The Edo State Governor, Mr. Godwin Obaseki, has said his government is building a resilient health system and putting in place robust public health measures to prevent and mitigate the impact of future epidemics and guarantee the health of every Edo resident.
Obaseki said this in his message to commemorate the 2022 International Day of Epidemic Preparedness marked yearly by the United Nations and its sister agencies.
The governor, who said his administration is undertaking a holistic reform in the healthcare ecosystem to bolster efforts at preventing and mitigating the impact of epidemics, called for increased collaboration among global stakeholders to make bold investments in pandemic preparedness, prevention and response, taking lessons from the outbreak of the Covid-19 pandemic.
“As we join the rest of the world to commemorate this year's International Day of Epidemic Preparedness, a day set aside to recognize the ongoing global efforts to prevent, detect, and respond to infectious disease outbreaks, we must restate the need to strengthen collaborations to prevent and respond to epidemics and other health crises. “As we have seen with the COVID-19 pandemic, epidemics have very devastating consequences for individuals, communities, and entire societies. That is why it is so important that we all work together to support each other in preventing and responding to these kinds of health crises.”
He further noted, “As a government, we are undertaking a holistic reform and strengthening our healthcare system to prepare for future epidemics and ensure the health and well-being of our people. We have put in place robust public health measures, such as strengthening our surveillance systems, improving our laboratories, and training our healthcare workers to respond effectively to potential outbreaks. “It is imperative to identify, however, that this cannot be done in isolation. We need to strengthen partnerships and collaboration to ensure we are able to prevent and respond to these health crises. We are building the capacity of our health systems and would need the support of the global community in terms of sharing knowledge and expertise to respond to epidemics.”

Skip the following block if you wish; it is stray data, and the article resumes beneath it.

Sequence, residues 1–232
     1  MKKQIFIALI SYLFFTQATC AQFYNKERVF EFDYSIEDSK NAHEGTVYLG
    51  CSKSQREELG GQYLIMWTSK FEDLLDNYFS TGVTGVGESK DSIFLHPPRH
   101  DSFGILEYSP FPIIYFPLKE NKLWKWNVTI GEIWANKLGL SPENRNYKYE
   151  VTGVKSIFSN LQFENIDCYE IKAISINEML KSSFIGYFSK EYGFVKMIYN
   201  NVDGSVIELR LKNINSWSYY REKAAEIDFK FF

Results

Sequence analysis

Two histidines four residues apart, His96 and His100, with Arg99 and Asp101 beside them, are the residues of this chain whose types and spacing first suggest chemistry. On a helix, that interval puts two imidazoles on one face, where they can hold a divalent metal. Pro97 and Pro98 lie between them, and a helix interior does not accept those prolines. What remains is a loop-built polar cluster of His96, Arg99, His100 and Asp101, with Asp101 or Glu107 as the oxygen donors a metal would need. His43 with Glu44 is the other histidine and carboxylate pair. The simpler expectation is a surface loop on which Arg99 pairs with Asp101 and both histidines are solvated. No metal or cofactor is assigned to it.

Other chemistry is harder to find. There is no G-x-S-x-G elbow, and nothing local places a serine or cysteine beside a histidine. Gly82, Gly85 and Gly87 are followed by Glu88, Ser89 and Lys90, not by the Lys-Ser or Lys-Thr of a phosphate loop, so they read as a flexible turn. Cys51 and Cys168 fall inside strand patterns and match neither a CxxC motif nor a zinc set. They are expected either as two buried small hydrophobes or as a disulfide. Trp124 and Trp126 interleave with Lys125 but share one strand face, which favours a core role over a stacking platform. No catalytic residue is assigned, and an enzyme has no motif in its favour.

Obaseki added, “While encouraging everyone to do their part in preventing the outbreak and spread of infectious diseases, I want to extend my heartfelt gratitude to all our health workers who are working tirelessly to keep us safe. From healthcare professionals and researchers, to those working in logistics and support roles, we are deeply grateful for your dedication, bravery and commitment to duty.”
According to the UN Secretary General, “COVID-19 will not be the last epidemic or pandemic humanity faces. As a global community, we must heed the harsh lessons of COVID-19 and make bold investments in pandemic preparedness, prevention and response. “We need better surveillance to detect and monitor viruses with epidemic potential. Our health systems have to be resilient to support universal health coverage needs as well as a health workforce that is well-trained, well-equipped and well-paid. “We also need equitable access to vaccines, treatments, diagnostics and life-saving technology for all countries.”